Sale: 512 / Modern Art II, Dec. 12. 2020 in Munich Lot 443

 
443
Jeanne Mammen
Meditation, Um 1930.
Watercolor and pencil drawing
Estimate:
€ 40,000 / $ 48,000
Sold:
€ 57,500 / $ 69.000

(incl. 25% surcharge)
Lot description
Meditation. Um 1930.
Watercolor and pencil drawing.
Döpping/Klünner A 370. Signed in lower left. On wove paper. 41 x 30.1 cm (16.1 x 11.8 in), the full sheet.
[CH].
• Jeanne Mammen is considered a chronicler of the bourgeois as well as of the shady sides of Berlin in the 1920s and 1930s.
• First published in 1930 in the magazine "Jugend".
• In 2017 part of the big retrospective "Jeanne Mammen. Die Beobachterin" at the Berlinische Galerie, Museum für Moderne Kunst
.

PROVENANCE: Collection Georg and Wilhelm Denzel, Munich (verso with the collection stamp, not in Lugt).
Collection Dr. Friedrich Wilhelm Denzel, Munich (with the hand-inscribed collection stamp on the mount, not in Lugt).
Private collection Southern Germany.

EXHIBITION: Jeanne Mammen, Die Beobachterin. Retrospektive 1910-1975, Berlinische Galerie, Museum für Moderne Kunst, Berlin, October 6, 2017 - January 15, 2018, cat. no. 100 (on the back cover of the exhibition catalog and with a full-page illu. on p. 62).
Umbruch. Kunsthalle Mannheim, July 17 - October 18, 2020, p. 79 (with full-page color illu.).

LITERATURE: Jugend, issue 49, 35th year, November 1930, p. 778 (with black-and-white illu.).
Förderverein der Jeanne-Mammen-Stiftung e. V., Berlin (editor), Jeanne Mammen. Paris Bruxelles Berlin, Munich 2016, p. 54 (with full-page color illu.).

Essay
The works of Jeanne Mammen shape our conception of big city life, society, fashion and especially of the modern woman in the Weimar Republic up until today. The artist often also depicted the lives of those forgotten by society, portraying the socially disadvantaged, and does not just shows the chic city life of the 1920s, but also the life behind the scenes of variety shows, cabarets, ballrooms, bars and brothels - and directs the observer’s eye to the darker and remote side of the life of the Berliners. Her work never takes on a judgemental or even derogatory tone; Mammen rather renders her observations and in subtle representations, characterized by a critical sympathy, that do not seem unusual at first sight, and which can do without any notions of lurid drama. Even in this intimate scene of a woman sitting on a narrow bed, smoking and apparently lost in thought, there may be hints that give the initially unspectacular events the socio-critical undertone that is so typical of Mammen's work. The bed, the ominously black, shadowy background and the apparently nervous, cramped fingers of the depicted person who is entirely rapt yet very neatly dresses, may indicate that she, in view of the then increasing deterioration of the political, social and economic situation and the rising unemployment figures, may have had to look for a completely new job in order to make ends meet. Her face looks almost mask-like, emotionless, distressed, whilethe tulips on the picture on the wall begin to lose their petals. When the National Socialists came to power, Mammen's career came to an abrupt and early end. With the awareness of today's debates about equality and the role of women in society, the timeless relevance of Jeanne Mammen's works becomes all the more striking. Her strong, self-confident protagonists, as well as the quiet ones portrayed with doubt and lost in thought, as it is the case in the work offered here, address an important social issue that has not even been finally clarified today. Perhaps this is one of the reasons why the artist has been attracting greater attention over recent years. In the course of the comprehensive reassessment of the contributions female artists made to art history, the work of the Berlin artist Jeanne Mammen has moved into the focus of museums, institutions and the art trade. For example, in 2008 a solo exhibition was dedicated to her at the Paula Modersohn-Becker Museum in Bremen. A major retrospective at the Berlinische Galerie in Berlin followed in 2017, in which the work presented here was also prominently exhibited. [CH]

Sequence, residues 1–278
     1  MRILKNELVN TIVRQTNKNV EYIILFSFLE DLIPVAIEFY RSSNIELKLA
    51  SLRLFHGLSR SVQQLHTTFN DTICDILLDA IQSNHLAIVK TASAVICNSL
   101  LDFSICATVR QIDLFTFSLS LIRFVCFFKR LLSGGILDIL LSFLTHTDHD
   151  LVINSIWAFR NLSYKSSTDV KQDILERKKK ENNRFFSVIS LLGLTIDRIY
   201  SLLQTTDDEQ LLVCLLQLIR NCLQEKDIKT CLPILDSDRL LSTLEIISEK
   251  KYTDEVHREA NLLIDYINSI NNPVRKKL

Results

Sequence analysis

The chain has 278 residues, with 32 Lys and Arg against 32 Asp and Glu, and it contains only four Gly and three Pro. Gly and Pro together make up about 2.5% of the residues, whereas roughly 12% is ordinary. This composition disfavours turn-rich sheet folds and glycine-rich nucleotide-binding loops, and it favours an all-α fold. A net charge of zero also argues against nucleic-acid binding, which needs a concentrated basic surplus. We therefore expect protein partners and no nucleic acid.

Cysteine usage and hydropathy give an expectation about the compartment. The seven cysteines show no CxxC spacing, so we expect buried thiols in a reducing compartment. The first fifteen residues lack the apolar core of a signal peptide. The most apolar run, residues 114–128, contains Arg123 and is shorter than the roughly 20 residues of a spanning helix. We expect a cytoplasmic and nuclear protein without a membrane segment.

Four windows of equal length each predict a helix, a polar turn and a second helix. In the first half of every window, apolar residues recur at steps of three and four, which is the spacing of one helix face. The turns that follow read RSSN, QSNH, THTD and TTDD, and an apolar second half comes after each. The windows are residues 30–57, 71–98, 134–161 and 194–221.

443
Jeanne Mammen
Meditation, Um 1930.
Watercolor and pencil drawing
Estimate:
€ 40,000 / $ 48,000
Sold:
€ 57,500 / $ 69.000

(incl. 25% surcharge)